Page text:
In June, the UK Department of Environment, Food and Rural Affairs (DEFRA) will ease strict rules for growing certain genetically modified plants and animals. Prime Minister Boris Johnson After his election in 2019 the UK Department of Life Sciences had already announced that it would be exempt from the rules for genetic modification.
A decision is expected on June 17 »Science Mac. However, this change will initially only apply to the UK. Scotland, Wales And Northern Ireland Independent regulation of the cultivation and marketing of genetically modified organisms and has so far been reluctant.
In particular, it is about the easy cultivation and easy commercialization of plants and animals, whose genes have been precisely modified with the help of new techniques such as Crisper gene scissors. Existing genetic material is modified by target mutations – similar to what happens approximately in reproduction. It is not possible to see later how a plant or animal was transformed.
Cultivation without a comprehensive application
“We have no reason to believe that these plants pose a greater risk than those traditionally bred,” said Angela Corp, director of Rothamstead Research, the UK’s largest agricultural research firm, according to an unnamed media report. Modified plants.
Under the UK policy amendment, extensive applications and pre-domain testing and business approval for such plants in the UK may become obsolete.
In the European Union (EU), the England Since left, other rules apply. European Court of Justice (ECJ) Judged 2018Genetically modified plants, like other genetically modified organisms, come under the strict EU law of genetics, so can only be grown after extensive and lengthy testing and sold only on labeling.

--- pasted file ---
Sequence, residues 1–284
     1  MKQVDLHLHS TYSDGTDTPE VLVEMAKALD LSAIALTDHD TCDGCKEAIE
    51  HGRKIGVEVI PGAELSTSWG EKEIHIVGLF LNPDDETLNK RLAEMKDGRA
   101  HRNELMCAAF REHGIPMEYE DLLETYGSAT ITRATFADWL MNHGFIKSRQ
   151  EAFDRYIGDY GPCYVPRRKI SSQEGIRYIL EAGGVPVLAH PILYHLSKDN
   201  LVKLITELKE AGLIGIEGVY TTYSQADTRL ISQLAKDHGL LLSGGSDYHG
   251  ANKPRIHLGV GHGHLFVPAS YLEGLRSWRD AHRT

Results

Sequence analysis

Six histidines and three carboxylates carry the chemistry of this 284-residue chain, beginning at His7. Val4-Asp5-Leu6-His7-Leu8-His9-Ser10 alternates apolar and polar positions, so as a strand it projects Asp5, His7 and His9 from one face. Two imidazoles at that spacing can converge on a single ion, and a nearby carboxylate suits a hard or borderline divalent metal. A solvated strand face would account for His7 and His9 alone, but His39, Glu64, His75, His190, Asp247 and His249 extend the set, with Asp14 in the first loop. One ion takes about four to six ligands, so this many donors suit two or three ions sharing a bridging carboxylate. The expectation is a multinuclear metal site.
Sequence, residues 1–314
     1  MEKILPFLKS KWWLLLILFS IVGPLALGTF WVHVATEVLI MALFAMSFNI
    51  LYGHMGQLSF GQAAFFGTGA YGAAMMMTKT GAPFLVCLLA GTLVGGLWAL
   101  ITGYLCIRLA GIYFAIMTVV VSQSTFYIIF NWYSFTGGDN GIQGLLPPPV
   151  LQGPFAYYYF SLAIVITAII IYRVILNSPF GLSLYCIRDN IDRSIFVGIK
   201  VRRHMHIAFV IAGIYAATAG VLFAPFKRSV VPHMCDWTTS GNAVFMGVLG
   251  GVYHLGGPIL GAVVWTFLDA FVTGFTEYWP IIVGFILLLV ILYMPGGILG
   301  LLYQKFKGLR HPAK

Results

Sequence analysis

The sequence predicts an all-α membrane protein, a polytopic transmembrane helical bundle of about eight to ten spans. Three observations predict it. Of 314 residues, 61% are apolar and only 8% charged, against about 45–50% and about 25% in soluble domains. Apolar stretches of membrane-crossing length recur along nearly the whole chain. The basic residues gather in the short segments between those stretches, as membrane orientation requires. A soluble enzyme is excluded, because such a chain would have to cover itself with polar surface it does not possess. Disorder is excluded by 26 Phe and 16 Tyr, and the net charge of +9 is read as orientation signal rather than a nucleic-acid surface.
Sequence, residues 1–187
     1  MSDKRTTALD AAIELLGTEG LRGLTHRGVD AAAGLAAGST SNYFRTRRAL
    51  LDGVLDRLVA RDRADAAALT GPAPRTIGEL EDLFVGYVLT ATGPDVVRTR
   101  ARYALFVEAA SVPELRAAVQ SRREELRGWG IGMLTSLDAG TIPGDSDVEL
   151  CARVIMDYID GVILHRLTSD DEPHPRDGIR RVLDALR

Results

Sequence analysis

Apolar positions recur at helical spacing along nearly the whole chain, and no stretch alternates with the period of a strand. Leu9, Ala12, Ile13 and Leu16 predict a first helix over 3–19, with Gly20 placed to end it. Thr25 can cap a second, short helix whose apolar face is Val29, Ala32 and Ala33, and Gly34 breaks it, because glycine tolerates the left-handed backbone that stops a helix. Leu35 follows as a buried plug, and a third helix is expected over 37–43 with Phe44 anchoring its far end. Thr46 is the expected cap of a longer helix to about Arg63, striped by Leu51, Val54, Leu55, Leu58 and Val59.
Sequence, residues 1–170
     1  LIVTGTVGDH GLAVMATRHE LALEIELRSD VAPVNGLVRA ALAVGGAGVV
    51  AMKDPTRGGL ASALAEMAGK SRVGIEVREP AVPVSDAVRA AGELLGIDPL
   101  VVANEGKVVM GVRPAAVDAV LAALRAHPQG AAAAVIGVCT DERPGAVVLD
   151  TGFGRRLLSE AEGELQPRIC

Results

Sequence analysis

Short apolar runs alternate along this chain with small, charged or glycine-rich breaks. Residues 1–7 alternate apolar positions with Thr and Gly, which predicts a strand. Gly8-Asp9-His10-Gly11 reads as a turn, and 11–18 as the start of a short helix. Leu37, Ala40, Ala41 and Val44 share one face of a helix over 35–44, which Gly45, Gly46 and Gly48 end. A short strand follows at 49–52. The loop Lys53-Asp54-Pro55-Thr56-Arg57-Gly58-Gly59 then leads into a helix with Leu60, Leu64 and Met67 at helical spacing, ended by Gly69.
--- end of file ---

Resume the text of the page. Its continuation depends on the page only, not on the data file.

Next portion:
The EU also discusses regulation
Biotechnologists believe the opportunity to relax in Great Britain will encourage research on new plant species. For example, they work in varieties that can better cope with drought or heat or repel pests so they do not need to be sprayed too much.
In United States And some countries already have significantly looser rules for GM plants than the EU.
“It’s very difficult for me, but I have to say that Brexit pays at least a fraction,” said Jonathan Jones, a plant biologist at the University of Cambridge’s Sciencebury Laboratory. Tina Parsby, of the National Institute of Agricultural Botany, said the new rules could be “the biggest political breakthrough in plant breeding in more than two decades.”
However, critics are concerned that pest-resistant plants or animals could further intensify agriculture or spread widely in nature and migrate to other species. In the discussions on this subject, there is currently a lot about building confidence and dealing with the opportunities and limitations of technology.
Adjustments to regulate genetically modified plants are also being discussed in the EU. EU Commission in April An investigation It was published that the technology would be more conducive to sustainable agriculture. However, experts do not see the possibility of the EU parliament approving changes to the regulation.
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